When did Halloween become so darn dangerous?

A couple of things I’ve read today, All Hallow’s Eve, have really stuck with me and made me really wonder about the state of our society.

First, I was reading through a local guide to Halloween events and was struck by the fact that each of those listed had the word “safe” in its title. But why do we need to know that the event is safe in the first place? Because, of course, there’s much about Halloween celebrations that is no longer safe.

Even before that, my 5yo and I were walking together down on the Pearl Street Mall, a major pedestrian and tourist center in town, and were startled by two men dressed in costume. Not any old costumes, but quite elaborate and grotesque nightmare outfits, one as a horrific Orc or similar, carrying two bloody and dismembered heads on chains, the other as, well, I don’t know, but it was phantasmagorical and quite frightening. G-, unsurprisingly, was fascinated by the pair and insisted we follow them for quite some time. Luckily a few minutes after we first saw them, one had to pull off his full-head mask and we got to see it was just a regular guy in a fancy outfit.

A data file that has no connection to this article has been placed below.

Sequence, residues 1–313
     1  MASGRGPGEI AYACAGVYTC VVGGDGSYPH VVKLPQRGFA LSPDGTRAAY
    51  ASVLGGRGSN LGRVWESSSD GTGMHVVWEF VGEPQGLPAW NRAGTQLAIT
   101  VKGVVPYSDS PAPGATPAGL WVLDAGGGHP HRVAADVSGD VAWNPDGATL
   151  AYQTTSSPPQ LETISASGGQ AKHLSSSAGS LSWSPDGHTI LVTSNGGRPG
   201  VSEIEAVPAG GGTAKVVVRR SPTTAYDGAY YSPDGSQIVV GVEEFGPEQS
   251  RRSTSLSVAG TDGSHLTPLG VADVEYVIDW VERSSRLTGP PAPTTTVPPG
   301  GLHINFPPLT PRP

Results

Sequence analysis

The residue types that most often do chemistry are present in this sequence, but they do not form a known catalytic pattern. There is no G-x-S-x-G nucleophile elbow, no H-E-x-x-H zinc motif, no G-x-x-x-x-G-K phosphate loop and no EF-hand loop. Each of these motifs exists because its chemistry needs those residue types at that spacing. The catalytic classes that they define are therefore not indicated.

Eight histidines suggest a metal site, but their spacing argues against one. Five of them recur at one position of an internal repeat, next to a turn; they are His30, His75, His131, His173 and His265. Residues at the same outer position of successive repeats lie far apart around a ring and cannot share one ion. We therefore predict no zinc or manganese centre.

But even with that sneak view of the man underneath the outfit, G- was totally obsessed with them and kept asking me questions as the day went on, and doubly so at bedtime.

Perhaps it’s because we haven’t desensitized our kids through frequent exposure to modern media, but why should we have to? I hate feeling like a prude or old fogey or something, but I feel like we constantly have to worry about the culture around us.And I haven’t even mentioned the depressingly frequent use of obscenities in almost all settings…

Oh, and the third data point: Hundreds arrested during Halloween bash at a college party in Madison, Wisconsin. This follows a similar experience here in Boulder last year when locals set cars on fire, got into fights and even ended up in hospital.

What the heck is wrong with these people, one and all? What happened to having fun, to being silly but playful regarding Halloween and partying as a way to meet folk and maybe “get lucky”?

It’s days like this that make me quite sympathetic to folk who want to abolish Halloween entirely. And yet, I know that my kids love dress up and enjoy Halloween.

So how can we throw out the proverbial bathwater, but keep the baby?